The music of Goldie represents an important transitional phase in jungle’s development into drum and bass. Where jungle tended to draw deeply on reggae tradition, Goldie’s music turned to soul and R&B for inspiration and vocal source material. Timeless, his 1995 debut, is filled with smooth atmospheres and soul-derived vocals (notice in particular the piano-driven “State of Mind,” with its strings and bedroom R&B singing by Lorna Harris), but these are regularly complicated by the jittery double-speed breakbeats and freaky dubwise effects of old-school junglism.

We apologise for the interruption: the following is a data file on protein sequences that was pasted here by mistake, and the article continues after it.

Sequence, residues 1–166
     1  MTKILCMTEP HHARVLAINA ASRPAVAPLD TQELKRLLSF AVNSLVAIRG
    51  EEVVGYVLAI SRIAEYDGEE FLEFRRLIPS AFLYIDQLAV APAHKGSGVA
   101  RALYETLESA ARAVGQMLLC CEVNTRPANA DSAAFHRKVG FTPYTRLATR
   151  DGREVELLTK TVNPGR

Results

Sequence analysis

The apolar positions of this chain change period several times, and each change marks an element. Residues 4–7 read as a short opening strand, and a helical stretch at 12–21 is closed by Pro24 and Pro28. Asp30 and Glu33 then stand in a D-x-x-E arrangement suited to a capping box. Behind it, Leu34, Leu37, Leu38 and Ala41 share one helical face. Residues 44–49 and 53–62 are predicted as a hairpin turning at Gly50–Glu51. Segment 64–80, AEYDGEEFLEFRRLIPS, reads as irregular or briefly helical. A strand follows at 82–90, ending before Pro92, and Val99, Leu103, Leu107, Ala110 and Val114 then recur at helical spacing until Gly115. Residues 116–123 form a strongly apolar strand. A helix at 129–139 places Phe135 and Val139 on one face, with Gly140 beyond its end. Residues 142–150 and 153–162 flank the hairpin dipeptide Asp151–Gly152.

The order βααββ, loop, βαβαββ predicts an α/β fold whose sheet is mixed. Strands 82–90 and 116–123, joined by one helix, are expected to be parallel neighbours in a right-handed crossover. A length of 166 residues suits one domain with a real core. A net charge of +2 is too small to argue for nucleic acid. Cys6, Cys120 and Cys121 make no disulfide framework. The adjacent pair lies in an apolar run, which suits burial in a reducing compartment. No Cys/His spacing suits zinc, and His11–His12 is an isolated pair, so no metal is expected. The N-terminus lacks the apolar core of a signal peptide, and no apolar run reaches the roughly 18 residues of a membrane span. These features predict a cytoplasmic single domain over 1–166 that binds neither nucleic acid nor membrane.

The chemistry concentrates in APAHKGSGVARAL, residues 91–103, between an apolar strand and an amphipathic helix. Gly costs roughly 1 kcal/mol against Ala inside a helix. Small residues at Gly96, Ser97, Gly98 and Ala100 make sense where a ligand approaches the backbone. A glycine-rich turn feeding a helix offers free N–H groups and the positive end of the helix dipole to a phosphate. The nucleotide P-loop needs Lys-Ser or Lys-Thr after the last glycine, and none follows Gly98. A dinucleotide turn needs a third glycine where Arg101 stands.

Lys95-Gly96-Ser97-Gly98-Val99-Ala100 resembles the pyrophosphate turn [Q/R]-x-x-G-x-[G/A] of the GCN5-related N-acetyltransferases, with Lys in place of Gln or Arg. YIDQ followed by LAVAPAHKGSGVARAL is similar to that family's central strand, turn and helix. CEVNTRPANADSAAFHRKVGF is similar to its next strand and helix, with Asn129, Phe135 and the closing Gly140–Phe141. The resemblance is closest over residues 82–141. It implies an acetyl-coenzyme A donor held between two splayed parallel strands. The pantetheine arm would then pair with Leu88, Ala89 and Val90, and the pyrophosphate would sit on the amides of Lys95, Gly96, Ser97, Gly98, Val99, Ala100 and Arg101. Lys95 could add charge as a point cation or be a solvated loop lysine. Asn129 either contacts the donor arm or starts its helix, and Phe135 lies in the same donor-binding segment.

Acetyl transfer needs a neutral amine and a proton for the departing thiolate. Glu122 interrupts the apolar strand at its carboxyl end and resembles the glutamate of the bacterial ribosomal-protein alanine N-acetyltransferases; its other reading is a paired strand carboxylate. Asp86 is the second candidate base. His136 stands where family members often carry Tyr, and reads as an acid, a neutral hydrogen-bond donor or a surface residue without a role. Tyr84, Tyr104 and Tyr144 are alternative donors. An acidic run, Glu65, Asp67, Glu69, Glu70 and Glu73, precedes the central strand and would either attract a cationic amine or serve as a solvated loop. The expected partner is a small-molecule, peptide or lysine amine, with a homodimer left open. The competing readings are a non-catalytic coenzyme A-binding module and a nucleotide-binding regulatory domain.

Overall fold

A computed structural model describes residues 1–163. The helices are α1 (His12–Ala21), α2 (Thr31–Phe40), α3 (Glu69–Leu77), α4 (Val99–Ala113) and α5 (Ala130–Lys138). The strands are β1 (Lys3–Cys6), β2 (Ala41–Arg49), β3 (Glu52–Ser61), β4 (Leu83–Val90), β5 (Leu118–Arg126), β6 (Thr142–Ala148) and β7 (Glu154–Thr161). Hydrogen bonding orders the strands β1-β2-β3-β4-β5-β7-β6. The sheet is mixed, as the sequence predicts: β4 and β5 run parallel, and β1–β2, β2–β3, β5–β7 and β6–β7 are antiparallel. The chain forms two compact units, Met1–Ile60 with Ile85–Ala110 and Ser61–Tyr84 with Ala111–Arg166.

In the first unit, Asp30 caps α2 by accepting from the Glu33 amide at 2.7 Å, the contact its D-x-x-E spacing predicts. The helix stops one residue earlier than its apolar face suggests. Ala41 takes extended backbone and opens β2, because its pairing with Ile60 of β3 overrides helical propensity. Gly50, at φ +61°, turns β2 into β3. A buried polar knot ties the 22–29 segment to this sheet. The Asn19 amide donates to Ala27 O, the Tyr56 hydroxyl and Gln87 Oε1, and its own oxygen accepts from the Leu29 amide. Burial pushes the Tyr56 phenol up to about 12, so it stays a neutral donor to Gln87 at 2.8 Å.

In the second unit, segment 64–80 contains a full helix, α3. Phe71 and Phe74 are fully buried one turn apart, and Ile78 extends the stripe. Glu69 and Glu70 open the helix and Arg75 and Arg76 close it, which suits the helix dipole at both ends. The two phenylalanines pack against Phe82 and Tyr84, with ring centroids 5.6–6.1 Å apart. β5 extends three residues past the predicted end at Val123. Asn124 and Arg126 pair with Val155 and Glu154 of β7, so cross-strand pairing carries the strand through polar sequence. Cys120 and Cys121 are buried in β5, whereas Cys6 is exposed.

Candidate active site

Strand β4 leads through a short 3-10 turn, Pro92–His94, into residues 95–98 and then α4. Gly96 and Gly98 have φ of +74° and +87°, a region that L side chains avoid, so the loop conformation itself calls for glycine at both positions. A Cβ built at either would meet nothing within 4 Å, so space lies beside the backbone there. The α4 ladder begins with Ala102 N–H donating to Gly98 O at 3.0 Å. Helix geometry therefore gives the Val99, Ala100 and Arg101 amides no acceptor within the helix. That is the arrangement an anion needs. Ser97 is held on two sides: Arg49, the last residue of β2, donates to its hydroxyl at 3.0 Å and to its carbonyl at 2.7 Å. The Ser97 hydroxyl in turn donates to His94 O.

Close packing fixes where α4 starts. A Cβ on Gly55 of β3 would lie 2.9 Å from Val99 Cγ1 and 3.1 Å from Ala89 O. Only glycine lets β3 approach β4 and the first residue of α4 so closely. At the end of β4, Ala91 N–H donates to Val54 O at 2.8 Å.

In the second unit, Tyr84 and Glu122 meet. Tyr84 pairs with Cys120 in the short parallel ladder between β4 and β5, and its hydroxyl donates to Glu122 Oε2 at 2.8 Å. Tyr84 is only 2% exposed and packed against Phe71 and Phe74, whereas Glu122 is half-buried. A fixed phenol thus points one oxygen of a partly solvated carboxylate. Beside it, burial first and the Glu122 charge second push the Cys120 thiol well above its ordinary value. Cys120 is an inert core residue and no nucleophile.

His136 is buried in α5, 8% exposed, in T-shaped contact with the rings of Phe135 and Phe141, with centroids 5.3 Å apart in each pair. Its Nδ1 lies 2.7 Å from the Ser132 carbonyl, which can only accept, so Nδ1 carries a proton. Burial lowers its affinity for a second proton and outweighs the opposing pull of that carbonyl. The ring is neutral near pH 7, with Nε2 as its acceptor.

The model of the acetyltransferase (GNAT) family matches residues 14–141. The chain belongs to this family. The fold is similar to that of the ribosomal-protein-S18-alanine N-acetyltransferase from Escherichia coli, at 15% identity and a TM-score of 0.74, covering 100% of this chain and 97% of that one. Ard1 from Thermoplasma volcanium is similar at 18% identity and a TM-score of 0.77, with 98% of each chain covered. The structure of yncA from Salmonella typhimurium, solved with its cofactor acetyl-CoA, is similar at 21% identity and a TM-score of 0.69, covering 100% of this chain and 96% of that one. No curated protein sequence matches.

Rick Anderson

With substantial contributions from engineer/producer Rob Playford, 4Hero’s Dego and Marc Marc and vocalist Dianne Charlemagne, Goldie’s Timeless album arrived in 1995. A mix of dramatic, futurist drum & bass and d&b-adjacent soul/electronica, sonically it’s an incredibly rich and complex album full of extreme audio juxtapositions: the softest, creamiest of synth washes matched to the deepest, rawest low-frequency basslines, smooth soul vocals and euphoric melodies on top of angular, needle-sharp, tungsten-clad beats. Bold, cocky even — it’s called Timeless, and you could argue that with a twenty-minute opening track and three other tracks coming in over ten minutes, it’s a little overindulgent — but it’s good enough in terms of songwriting, production and sheer sonic impressiveness to justify its sprawling length.

Harold Heath